Blind Monks Examining an Elephant (Itcho print)
Because "Interspirituality" is a relatively new term, it is often mistaken for "Interfaith."  Rabbi Rami Shapiro explains that "Interfaith" is essentially "a conversation… between people fully ensconced in
their respective faiths" – whereas "Interspirituality"
compares religions to "the proverbial blind men
describing the elephant…" and instead aims for "the greater truth seeking to speak through the
diverse voice of the world's religions."

Yes - but is the world ready to stop confusing the faithful finger(s) pointing to the moon with the moon itself?  Kurt Johnson and David Robert Ord seem to think that it almost is.

In their recent book The Coming Interspiritual Age, Johnson (a monastic turned evolutionary biologist) and Ord (a Presbyterian minister) contend that the Interspiritual Age is within historic reach.  Bernard Starr, contributor to The Huffington Post Blog, explains that this age will be "brought about by a confluence of world events, cultural changes, the technological revolution, and eight paradigm shifts that include 'undoing the bonds of loyalty to clan, nation, religion, and skin color…'"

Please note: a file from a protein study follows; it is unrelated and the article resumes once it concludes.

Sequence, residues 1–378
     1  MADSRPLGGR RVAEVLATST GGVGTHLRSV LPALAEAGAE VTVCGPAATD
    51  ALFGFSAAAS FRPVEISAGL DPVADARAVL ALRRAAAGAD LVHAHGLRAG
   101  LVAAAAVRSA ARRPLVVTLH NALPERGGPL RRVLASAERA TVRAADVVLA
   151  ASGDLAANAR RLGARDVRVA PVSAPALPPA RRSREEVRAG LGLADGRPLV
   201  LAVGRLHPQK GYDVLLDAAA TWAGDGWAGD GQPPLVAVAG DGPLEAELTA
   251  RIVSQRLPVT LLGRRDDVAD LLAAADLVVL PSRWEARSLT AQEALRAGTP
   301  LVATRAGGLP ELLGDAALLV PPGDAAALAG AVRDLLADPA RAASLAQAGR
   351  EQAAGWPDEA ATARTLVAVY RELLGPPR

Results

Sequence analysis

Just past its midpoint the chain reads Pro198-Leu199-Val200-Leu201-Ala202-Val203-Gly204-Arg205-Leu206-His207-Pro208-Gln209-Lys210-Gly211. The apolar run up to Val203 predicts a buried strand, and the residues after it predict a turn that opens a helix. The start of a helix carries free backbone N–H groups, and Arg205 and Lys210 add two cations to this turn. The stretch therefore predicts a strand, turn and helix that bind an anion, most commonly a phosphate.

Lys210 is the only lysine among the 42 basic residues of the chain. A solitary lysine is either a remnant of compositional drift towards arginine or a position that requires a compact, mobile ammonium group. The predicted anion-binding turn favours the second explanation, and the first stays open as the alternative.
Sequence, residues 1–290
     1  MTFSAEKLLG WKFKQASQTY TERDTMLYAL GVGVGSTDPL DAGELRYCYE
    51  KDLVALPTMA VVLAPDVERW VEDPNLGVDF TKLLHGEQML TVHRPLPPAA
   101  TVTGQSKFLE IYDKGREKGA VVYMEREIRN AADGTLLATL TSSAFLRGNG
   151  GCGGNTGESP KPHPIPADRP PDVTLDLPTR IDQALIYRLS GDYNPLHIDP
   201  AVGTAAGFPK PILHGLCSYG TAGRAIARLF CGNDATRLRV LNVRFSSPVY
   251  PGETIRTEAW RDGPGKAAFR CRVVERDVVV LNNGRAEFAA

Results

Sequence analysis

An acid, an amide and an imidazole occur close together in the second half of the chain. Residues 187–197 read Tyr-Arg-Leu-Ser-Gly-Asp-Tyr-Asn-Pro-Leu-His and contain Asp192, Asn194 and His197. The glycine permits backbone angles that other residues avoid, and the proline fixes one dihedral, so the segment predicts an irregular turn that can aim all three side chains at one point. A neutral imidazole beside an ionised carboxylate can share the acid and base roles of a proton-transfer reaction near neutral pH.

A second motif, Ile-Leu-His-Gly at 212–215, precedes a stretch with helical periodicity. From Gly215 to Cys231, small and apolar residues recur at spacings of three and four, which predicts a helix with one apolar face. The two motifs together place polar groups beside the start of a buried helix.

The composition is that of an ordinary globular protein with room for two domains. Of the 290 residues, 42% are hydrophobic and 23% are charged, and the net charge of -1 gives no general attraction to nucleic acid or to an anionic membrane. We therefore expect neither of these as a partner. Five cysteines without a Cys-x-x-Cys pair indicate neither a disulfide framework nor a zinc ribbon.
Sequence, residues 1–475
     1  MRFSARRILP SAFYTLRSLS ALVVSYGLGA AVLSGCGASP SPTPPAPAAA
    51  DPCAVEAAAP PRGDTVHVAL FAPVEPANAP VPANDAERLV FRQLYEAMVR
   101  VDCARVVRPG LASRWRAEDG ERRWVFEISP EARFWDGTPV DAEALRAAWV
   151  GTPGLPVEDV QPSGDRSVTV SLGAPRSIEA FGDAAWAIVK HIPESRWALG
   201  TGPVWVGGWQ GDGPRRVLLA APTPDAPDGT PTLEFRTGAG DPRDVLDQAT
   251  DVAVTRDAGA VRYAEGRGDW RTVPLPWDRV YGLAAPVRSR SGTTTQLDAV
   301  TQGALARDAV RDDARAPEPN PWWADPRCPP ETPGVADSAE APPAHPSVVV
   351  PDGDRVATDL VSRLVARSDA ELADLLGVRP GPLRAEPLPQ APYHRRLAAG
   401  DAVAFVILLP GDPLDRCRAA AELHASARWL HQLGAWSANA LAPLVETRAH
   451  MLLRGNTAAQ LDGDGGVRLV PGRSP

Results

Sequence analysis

Does this mean that every "blind man" will soon begin to "see" the exact same elephant?  Or that diversity will soon merge into one big "eye in the sky" philosophy? 

Not necessarily. 

Johnson and Ord are calling upon humans to retain diversity in all its richness - and yet to discover the unity within that diversity.


Copyright December 21, 2012 by Linda Van Slyke   All Rights Reserved

Thursday, December 20, 2012

Bioarchaeology: Compassion unearthed

Human Molar (Photo by Gleam)
Sometimes modern-day clinicians talk as though they were the first to invent compassion.

Bioarchaeology (the study of biological remains from archaeological sites) would suggest otherwise.  By studying human remains (even ancient ones), scientists can determine many things about the medical history.  Furrows or pits within tooth enamel can indicate disease or malnutrition.  Bone lesions can also indicate diet deficiencies.  The thickness and strength of bones can show levels of activity or inactivity.  Skeletons often reveal age and gender, and sometimes yield information about socio-cultural conditions.

The New York Times recently reported that an archaeological site south of present-day Hanoi included one skeleton that was laid to rest in a fetal position, whereas almost all the others at that burial place were laid out straight.  This indicated to the examining archaeologists that the curled-up skeleton "lies in death as he did in life, bent and crippled by disease."  They surmised that he had become "paralyzed from the waist down" approximately 10 years before dying.

This discovery most likely means that "the people around him who had no metal and lived by fishing, hunting and raising barely domesticated pigs, took the time and care to tend to his every need."  It also suggests that "he himself had a sense of his own worth and a strong will to live."